Marvel plowed ahead on the recruiting front by sticking with his small-town roots, landing two of Arkansas' best in-state players and each from tiny high schools similar to Coal Hill. Marvel told Rose Bud's Terri Conder Johnson and Judsonia's Natalie Martin Shock that something big was going to happen in Conway, and they should come along with him for the ride. Johnson was wavering because she also had an offer from the University of Arkansas.
"I actually committed to UA on the phone," said Johnson, who also is a member of the Arkansas Sports Hall of Fame. "I sat down with my parents and was real upset about it. They were like, 'We were trying to let you make the decision, but we'll tell you we want you to go to UCA because we'll get to see you play more.'
"I called Coach Marvel back and told him I was going to go to UCA. He said it was like the happiest day of his life at that time."
Johnson and Shock became NAIA All-Americans and were 96-20 in their four seasons at UCA, winning three conference championships. Their 26 victories in 1983 were a school record until Marvel topped that with his 2003 team.
"I just knew in the recruiting process he was very honest, very straightforward," Shock said. "He just had that way about him. You trusted him. At that time, in Arkansas anyway, small schools was where it was at with basketball. Small-school Arkansas was where all the talent was in the state. He knew where to go get the players. He knew where to get those small-town kids because that's what he had grown up with."
Both former players agree about Marvel's genuine, small-town personality, but added that he did have a way of getting the team's attention by speaking loudly. Later, he'd display some levity with a joke, story or even an apology.
"He was very very demanding on us," Shock said. "He expected our best in practice and games. He'd chew your butt in a heartbeat. Sometimes it would go from a pretty tough practice with a lot of butt chewing, then we might get together at the end of practice and there would be a funny story. Invariably, every story or every joke he's ever told, he always laughs before he gets to the punchline. I don't know how many times I've heard some of them, and I'm still going to laugh just because of how he tells them."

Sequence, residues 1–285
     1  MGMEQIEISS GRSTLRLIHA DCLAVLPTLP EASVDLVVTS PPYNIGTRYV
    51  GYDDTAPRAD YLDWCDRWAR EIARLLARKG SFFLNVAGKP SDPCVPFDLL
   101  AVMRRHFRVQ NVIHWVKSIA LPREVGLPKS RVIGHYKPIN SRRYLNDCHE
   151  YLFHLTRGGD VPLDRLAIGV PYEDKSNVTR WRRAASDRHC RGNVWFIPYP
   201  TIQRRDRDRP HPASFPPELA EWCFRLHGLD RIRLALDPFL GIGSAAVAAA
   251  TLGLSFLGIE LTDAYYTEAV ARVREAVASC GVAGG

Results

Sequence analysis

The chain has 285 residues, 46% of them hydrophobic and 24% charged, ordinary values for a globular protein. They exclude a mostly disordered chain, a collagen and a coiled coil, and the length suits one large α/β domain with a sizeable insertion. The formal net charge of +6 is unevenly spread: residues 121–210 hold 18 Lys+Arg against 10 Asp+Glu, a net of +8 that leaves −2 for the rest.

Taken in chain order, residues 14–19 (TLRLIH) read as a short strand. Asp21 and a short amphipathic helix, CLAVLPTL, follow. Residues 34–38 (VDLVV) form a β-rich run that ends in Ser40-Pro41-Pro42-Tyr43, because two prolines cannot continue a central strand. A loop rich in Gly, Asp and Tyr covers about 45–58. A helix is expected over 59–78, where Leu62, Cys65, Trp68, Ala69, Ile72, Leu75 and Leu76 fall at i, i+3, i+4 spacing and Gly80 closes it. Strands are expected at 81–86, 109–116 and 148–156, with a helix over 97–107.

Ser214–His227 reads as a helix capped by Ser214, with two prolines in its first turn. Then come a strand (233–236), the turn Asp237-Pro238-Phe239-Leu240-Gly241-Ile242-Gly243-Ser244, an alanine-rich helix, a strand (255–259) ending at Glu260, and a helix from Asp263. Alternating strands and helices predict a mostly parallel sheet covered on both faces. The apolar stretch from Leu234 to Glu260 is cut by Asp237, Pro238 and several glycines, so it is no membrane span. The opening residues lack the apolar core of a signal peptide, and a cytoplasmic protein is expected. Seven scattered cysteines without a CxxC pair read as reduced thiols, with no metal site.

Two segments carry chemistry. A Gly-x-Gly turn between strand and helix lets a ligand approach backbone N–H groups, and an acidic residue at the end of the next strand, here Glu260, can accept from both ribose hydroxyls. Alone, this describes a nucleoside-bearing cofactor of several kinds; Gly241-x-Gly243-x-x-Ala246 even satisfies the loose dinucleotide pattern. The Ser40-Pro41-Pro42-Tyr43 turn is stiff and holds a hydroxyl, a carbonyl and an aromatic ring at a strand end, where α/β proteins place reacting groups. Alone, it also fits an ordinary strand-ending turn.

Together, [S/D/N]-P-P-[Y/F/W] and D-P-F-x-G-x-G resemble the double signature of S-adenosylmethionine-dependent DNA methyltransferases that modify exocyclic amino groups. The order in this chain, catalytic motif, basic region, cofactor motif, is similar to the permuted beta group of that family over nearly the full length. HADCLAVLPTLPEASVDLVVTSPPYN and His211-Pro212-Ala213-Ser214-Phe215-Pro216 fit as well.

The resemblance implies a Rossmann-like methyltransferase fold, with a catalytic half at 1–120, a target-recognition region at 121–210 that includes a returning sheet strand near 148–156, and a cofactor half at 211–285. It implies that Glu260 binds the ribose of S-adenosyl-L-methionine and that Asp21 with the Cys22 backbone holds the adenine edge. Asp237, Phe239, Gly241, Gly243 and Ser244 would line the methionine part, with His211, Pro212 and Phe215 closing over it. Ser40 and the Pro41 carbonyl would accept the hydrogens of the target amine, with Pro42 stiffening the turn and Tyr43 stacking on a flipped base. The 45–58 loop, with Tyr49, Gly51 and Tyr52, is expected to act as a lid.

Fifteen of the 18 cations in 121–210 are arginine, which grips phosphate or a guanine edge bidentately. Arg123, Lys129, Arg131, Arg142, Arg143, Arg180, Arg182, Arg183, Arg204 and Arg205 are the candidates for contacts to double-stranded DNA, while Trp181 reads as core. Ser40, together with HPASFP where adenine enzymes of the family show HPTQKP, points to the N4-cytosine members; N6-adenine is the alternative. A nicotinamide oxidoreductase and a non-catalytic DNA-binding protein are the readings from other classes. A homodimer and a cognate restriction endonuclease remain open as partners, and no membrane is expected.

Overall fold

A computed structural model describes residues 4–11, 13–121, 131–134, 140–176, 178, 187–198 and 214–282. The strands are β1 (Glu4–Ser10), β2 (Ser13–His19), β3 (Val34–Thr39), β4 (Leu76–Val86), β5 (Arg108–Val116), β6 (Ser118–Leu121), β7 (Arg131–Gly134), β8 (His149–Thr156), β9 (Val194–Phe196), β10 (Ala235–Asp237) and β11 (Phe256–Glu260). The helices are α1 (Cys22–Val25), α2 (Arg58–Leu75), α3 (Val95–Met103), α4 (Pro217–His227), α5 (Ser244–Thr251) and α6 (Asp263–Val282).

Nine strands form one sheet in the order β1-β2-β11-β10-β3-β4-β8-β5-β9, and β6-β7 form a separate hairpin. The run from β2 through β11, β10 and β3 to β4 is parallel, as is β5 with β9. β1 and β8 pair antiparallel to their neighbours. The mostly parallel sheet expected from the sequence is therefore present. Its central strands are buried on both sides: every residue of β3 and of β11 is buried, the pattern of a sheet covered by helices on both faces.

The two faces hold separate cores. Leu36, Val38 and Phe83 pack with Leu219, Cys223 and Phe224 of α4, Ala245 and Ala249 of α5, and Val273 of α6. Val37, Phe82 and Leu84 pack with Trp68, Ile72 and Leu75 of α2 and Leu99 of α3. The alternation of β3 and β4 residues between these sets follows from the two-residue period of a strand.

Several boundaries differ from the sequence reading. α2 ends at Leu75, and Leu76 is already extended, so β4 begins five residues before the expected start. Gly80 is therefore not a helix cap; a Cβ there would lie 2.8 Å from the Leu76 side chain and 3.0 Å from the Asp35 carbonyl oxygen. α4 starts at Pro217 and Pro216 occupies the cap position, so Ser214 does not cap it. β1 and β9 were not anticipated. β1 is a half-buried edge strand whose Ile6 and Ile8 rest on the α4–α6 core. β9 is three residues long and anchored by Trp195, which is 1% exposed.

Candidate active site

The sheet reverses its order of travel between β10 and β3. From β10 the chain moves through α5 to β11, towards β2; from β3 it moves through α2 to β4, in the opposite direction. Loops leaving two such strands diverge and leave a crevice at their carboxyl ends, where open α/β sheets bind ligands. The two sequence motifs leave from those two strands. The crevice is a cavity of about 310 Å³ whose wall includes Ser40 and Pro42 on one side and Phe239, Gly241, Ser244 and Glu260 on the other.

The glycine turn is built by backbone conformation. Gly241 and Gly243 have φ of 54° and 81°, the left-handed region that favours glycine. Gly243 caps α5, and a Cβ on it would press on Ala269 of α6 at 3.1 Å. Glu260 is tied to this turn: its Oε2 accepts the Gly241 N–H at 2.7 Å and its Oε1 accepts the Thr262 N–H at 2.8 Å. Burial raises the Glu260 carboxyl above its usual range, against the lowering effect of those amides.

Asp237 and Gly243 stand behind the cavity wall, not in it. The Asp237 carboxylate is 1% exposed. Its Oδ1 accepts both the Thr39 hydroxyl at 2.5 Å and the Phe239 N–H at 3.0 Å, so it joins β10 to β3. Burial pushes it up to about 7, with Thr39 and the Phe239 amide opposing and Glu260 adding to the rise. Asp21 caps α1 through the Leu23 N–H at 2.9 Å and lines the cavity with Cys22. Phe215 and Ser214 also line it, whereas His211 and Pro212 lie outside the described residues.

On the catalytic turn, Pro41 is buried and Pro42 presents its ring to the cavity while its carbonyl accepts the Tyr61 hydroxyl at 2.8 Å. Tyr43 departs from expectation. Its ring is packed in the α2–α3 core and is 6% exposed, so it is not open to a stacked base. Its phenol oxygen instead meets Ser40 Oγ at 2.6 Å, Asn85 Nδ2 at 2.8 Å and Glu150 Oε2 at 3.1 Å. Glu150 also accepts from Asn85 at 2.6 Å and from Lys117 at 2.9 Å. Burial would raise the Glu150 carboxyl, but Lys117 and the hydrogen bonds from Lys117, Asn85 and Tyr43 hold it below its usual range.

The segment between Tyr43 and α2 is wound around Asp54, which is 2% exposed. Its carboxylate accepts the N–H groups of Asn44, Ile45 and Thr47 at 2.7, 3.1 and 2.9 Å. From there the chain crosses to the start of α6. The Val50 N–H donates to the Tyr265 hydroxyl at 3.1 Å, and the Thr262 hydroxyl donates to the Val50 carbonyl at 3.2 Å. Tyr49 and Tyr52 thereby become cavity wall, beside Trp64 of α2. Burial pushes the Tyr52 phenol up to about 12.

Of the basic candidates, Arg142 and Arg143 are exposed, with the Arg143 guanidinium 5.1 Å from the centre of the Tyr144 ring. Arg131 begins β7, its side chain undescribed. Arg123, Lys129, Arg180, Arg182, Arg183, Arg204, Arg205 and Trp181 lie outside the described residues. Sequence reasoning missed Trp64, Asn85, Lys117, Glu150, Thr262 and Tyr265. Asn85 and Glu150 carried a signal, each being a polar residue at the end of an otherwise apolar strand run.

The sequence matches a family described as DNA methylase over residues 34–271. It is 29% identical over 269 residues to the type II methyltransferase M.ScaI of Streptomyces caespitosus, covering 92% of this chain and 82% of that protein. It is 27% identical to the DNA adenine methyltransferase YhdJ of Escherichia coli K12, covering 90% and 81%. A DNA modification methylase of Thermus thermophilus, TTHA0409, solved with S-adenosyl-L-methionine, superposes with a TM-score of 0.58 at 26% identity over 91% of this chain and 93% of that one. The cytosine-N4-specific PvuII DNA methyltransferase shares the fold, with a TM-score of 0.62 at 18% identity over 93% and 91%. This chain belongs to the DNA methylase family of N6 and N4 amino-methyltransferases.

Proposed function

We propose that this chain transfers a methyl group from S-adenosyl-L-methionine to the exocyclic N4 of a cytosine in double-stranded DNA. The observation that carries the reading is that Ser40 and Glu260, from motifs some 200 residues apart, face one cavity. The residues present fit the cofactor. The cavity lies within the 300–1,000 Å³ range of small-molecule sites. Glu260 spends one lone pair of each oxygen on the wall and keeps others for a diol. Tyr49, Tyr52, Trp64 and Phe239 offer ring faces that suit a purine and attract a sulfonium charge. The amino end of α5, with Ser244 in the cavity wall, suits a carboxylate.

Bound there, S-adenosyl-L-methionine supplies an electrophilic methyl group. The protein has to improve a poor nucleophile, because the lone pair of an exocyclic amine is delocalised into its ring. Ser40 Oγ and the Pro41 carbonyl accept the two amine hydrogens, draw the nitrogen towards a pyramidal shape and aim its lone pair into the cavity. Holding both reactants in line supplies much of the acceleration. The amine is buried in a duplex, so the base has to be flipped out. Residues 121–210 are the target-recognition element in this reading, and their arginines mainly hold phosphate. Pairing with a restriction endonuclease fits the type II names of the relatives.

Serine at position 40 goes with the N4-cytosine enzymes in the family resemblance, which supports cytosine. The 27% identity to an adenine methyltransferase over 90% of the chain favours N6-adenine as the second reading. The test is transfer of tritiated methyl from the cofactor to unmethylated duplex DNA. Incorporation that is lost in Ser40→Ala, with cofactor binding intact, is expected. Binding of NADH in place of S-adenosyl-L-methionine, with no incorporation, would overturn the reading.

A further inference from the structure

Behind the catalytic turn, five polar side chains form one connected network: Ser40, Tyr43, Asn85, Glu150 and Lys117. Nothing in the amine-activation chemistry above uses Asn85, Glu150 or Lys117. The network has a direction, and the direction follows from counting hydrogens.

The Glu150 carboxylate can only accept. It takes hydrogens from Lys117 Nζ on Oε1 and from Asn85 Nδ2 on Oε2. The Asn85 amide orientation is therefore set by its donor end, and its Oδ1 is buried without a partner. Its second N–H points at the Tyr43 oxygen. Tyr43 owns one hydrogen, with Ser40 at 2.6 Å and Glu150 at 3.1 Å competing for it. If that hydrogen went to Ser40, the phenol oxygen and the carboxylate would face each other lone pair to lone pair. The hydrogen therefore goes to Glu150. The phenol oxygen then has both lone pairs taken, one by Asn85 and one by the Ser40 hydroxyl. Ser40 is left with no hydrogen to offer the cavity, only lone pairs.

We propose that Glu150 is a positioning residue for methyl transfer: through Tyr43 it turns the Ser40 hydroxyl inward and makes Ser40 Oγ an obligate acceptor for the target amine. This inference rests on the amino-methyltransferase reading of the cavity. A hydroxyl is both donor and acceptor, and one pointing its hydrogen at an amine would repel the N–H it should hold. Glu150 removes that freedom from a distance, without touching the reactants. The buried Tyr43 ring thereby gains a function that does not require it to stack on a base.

Johnson recalled one halftime when he got upset with the team and knocked over a tray of water cups on a trash can in the locker room.
"Very rarely, he would just blow up and yell at you all the time," she said. "Every once in a while when he would get really frustrated with us, that temper would show up. It straightened you up quickly. That night, he reached over there and knocked every one of those cups off that trash can all over the floor. It was so uncharacteristic that when he did that the next day when we had our team meeting, he would apologize for getting upset like that."
Marvel said two victories stood out more than his others at UCA, and both involved defeating legendary coaches. There was the three-overtime victory in 2002 at Delta State and Lloyd Clark in the NCAA Division II South Regional. Clark is still the all-time leader in winning percentage (83.4%) in Division II women's history.
After bitter struggles with Arkansas Tech through the years in the Arkansas Intercollegiate Conference, Marvel got the last word in Foley's final game with the Golden Suns as the Sugar Bears advanced to the NCAA Division II Elite Eight, the Sugar Bears' deepest postseason run in program history.
"Ron set a great tradition at UCA," Foley said. "He was a tough coach to coach against. He was one of the true gentlemen I coached against. He never got out of control. Never said anything negative. Always a class act."
Marvel got to coach his daughter, Rhonda, during his early years at UCA. Later, he led the school's women's tennis team for 13 consecutive seasons and coached his younger daughter, Robbie, along the way. He even came out of retirement to finish the 2008 season with the Sugar Bears when UCA fired Marvel protege Checola Seals-Horton, a two-time first-team NAIA All-American (1991, 1992) from England who led UCA to a school-record 28 victories in 2004-05, the year after the legendary coach retired.
Marvel said it's because of his wife's love, strength and being the "brains of the family" that he is going into the hall of fame. Jeanette Marvel died in 2014.
"I loved every minute at UCA and could never think of a better place to work," Marvel said. "Sports revolved around our whole family. At one time, both my sons-in-law were coaching and both my daughters were coaching. I have three grandchildren that were playing and my wife was handling all of that. She was going to a game every night somewhere. She was a fantastic and most special lady. I don't see how she put up with all the ballgames and all the directions we were all going. I sure miss her and wish she could be there when I get inducted."
Sports on 03/12/2020